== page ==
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1 1 Communities of Inquiry and Other Web Based Tools © Fraser Health Authority, 2009 The Fraser Health Authority (“FH”) authorizes the use, reproduction.

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Presentation on theme: "1 1 Communities of Inquiry and Other Web Based Tools © Fraser Health Authority, 2009 The Fraser Health Authority (“FH”) authorizes the use, reproduction."— Presentation transcript:

1 1 1 Communities of Inquiry and Other Web Based Tools © Fraser Health Authority, 2009 The Fraser Health Authority (“FH”) authorizes the use, reproduction and/or modification of this publication for purposes other than commercial redistribution. In consideration for this authorization, the user agrees that any unmodified reproduction of this publication shall retain all copyright and proprietary notices. If the user modifies the content of this publication, all FH copyright notices shall be removed, however FH shall be acknowledged as the author of the source publication. Reproduction or storage of this publication in any form by any means for the purpose of commercial redistribution is strictly prohibited. This publication is intended to provide general information only, and should not be relied on as providing specific healthcare, legal or other professional advice. The Fraser Health Authority, and every person involved in the creation of this publication, disclaims any warranty, express or implied, as to its accuracy, completeness or currency, and disclaims all liability in respect of any actions, including the results of any actions, taken or not taken in reliance on the information contained herein.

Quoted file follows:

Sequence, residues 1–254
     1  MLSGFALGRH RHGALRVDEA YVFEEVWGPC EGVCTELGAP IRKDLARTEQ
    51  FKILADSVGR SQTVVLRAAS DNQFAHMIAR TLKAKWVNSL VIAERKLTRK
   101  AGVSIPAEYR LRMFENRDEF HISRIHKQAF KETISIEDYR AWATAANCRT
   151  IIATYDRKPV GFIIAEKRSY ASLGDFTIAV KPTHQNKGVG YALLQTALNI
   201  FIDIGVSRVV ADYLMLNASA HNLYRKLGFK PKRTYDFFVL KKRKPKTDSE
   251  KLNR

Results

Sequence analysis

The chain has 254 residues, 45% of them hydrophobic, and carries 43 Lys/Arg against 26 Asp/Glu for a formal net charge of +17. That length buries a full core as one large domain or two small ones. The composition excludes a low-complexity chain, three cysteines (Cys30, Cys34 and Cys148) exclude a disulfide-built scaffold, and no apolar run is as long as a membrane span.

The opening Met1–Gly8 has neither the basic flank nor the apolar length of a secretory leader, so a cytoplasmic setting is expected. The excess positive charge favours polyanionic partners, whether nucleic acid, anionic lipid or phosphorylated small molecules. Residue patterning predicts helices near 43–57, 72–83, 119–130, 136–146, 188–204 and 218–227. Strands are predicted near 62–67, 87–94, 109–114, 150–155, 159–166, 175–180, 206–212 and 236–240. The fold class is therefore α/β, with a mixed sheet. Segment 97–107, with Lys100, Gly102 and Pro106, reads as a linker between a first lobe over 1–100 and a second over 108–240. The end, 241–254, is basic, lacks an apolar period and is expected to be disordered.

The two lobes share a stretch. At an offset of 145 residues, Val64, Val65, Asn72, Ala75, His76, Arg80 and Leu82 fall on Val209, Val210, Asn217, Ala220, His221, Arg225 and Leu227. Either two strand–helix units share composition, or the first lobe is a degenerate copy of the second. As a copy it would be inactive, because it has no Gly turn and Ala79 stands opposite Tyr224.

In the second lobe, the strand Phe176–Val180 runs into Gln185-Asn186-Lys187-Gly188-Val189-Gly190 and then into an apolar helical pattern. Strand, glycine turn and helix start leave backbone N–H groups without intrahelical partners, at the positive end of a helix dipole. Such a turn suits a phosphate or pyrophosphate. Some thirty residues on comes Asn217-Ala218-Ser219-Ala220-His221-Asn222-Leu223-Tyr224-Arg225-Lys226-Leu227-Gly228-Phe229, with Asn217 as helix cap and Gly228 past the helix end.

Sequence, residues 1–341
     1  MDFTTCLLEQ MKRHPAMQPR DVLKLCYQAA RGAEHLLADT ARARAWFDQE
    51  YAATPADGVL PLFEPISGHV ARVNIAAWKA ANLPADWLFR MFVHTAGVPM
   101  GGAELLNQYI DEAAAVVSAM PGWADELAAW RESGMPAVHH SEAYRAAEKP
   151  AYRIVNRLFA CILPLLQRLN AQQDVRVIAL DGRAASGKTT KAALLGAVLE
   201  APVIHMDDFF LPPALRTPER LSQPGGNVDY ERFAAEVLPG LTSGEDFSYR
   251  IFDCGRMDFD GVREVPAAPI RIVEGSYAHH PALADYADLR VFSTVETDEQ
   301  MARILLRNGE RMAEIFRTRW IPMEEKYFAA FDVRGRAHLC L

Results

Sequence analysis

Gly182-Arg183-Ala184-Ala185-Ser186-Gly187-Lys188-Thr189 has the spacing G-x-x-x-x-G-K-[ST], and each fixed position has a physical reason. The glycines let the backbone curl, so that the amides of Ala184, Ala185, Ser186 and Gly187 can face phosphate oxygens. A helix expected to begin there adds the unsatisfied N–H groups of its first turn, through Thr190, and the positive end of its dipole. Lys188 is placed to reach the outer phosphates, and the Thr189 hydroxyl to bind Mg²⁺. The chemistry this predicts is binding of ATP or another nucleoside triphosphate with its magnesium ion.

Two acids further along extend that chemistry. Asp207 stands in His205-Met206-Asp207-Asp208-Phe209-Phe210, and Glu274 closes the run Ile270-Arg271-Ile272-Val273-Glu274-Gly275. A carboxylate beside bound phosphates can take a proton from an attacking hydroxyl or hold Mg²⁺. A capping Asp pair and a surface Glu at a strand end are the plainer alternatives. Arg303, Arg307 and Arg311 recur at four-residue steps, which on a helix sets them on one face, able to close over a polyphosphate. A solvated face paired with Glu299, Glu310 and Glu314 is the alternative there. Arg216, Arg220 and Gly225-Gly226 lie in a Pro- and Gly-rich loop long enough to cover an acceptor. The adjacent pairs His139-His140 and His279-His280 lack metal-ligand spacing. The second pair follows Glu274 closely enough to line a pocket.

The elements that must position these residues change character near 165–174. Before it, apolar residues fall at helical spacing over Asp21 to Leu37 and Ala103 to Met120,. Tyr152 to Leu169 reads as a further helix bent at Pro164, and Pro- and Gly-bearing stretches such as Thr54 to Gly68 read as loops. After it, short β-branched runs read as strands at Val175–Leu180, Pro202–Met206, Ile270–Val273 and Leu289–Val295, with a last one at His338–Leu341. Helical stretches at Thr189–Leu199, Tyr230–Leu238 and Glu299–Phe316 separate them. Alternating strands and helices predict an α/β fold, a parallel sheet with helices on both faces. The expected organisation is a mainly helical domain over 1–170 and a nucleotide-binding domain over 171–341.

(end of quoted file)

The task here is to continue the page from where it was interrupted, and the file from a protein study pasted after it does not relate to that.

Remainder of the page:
2 Objectives  Understand the basic components of a Community of Inquiry (COI)  Become aware of web based tools to create a COI  Learn how to create an online COI

3 Outline  Community of Inquiry (COI) background  Virtual COI  Design and Policy Considerations  Virtual COI indicators  Explore online tools to enable online COI

4 Communities of Inquiry  FH Communities of Inquiry model is based on the work of Etienne Wenger and colleagues in “Cultivating Communities of Practice” (Wenger et al., 2002).  “Communities of practice are groups of people who share a concern or a passion for something they do and learn how to do it better as they interact regularly.” [Source: Downloaded 5 November 2008].http://www.ewenger.com/theory/  This definition is being applied to the concept of Communities of Inquiry for FH.